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Claude Monet

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I can no longer work outside because of the intensity of the light.
--
In the summer of 1920 to Gustave Geffroy. Monet in the 20th Century, by Paul Hayes Tucker.

 
Claude Monet

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Tags: Claude Monet Quotes, Work Quotes, Authors starting by M


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For when God said, “Let there be light, and there was light,” if we are justified in understanding in this light the creation of the angels, then certainly they were created partakers of the eternal light which is the unchangeable Wisdom of God, by which all things were made, and whom we call the only-begotten Son of God; so that they, being illumined by the Light that created them, might themselves become light and be called “Day,” in participation of that unchangeable Light and Day which is the Word of God, by whom both themselves and all else were made. “The true Light, which lighteth every man that cometh into the world,” — this Light lighteth also every pure angel, that he may be light not in himself, but in God; from whom if an angel turn away, he becomes impure, as are all those who are called unclean spirits, and are no longer light in the Lord, but darkness in themselves, being deprived of the participation of Light eternal. For evil has no positive nature; but the loss of good has received the name “evil.”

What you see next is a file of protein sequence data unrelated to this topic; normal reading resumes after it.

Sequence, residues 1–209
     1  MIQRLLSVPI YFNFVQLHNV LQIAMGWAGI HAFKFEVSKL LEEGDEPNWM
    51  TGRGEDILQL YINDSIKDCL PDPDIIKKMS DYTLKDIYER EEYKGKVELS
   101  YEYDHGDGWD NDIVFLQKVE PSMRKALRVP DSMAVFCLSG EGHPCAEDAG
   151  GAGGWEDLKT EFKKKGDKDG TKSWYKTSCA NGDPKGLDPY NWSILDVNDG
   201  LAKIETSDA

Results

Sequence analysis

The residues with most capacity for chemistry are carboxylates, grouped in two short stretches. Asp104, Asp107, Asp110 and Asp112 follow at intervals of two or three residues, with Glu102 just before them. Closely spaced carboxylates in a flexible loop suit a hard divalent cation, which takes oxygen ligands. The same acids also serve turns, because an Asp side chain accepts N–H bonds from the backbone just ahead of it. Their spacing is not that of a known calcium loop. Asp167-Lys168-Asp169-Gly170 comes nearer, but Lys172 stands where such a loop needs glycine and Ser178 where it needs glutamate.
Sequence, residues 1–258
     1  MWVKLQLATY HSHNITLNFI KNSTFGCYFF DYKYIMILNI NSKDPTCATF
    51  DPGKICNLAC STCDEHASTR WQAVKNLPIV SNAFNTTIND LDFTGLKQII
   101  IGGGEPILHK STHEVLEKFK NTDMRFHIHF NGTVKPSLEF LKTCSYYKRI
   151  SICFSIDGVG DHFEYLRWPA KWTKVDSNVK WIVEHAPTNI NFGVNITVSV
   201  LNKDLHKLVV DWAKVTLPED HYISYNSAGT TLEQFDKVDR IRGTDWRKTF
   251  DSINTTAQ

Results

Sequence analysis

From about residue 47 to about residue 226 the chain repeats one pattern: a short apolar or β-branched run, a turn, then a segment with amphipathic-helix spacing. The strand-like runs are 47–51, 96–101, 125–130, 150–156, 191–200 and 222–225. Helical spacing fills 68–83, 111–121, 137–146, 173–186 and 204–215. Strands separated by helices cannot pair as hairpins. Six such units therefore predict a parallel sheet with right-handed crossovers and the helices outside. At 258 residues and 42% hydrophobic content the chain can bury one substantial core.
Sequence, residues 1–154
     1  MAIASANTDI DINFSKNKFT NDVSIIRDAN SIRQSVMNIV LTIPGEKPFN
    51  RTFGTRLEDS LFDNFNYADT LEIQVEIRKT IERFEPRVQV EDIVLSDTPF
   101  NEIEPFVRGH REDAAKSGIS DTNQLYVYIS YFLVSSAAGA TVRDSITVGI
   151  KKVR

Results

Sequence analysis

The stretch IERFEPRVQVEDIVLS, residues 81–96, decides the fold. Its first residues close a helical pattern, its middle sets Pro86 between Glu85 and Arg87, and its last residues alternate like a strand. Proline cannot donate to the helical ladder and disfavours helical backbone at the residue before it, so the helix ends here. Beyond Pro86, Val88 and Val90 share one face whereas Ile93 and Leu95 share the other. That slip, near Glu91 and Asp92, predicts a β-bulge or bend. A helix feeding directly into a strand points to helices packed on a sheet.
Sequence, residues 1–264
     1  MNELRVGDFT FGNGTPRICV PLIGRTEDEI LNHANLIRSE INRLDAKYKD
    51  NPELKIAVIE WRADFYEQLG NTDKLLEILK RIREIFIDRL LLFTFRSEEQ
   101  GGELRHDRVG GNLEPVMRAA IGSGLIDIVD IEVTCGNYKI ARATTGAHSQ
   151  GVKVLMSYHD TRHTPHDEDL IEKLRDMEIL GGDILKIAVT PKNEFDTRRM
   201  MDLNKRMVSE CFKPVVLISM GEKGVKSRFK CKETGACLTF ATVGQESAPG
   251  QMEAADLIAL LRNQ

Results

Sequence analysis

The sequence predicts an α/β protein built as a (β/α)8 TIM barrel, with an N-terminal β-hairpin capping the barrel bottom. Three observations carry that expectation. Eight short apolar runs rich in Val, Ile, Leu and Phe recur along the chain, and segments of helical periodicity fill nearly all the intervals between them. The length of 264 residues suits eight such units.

Augustine of Hippo
 

I have a dark side; it's been pretty well documented. It wouldn't be bad to show that in some light in my work...It's something I no longer fear doing and am actually excited about doing.

 
Matthew Perry
 

I always felt that my work hadn't much to do with art; my admirations for other art had very little room to show themselves in my work because I hoped that if I concentrated enough the intensity of scrutiny alone would force life into the pictures. I ignored the fact that art, after all, derives from art. Now I realize that this is the case.

 
Lucian Freud
 

The inner work is first of all the work of God's grace in the depth of the soul which subsequently distributes itself among the faculties of the soul, in that of Reason appearing as Belief, in that of Will as Love, and in that of Desire as Hope. When the Divine Light penetrates the soul, it is united with God as light with light. This is the light of faith. Faith bears the soul to heights unreachable by her natural senses and faculties.

 
Meister Eckhart
 

Enough has been said abut the light-mindedness of the age; it is high time, I think, to say a little about its depression. And I hope that everything will turn out better. Or is not depression the defect of the age, is it not that which echoes even in its light-minded laughter; is it not depression that has robbed us of the courage to command, the courage to obey, the power to act, the confidence to hope? And now when the philosophers are doing everything to endow actuality with intensity, shall we not soon become stuffed so full that we choke on it. Everything is cut away but the present; no wonder, then, that one loses it in the constant anxiety about losing it. Either/Or II 24-25

 
Soren Aabye Kierkegaard
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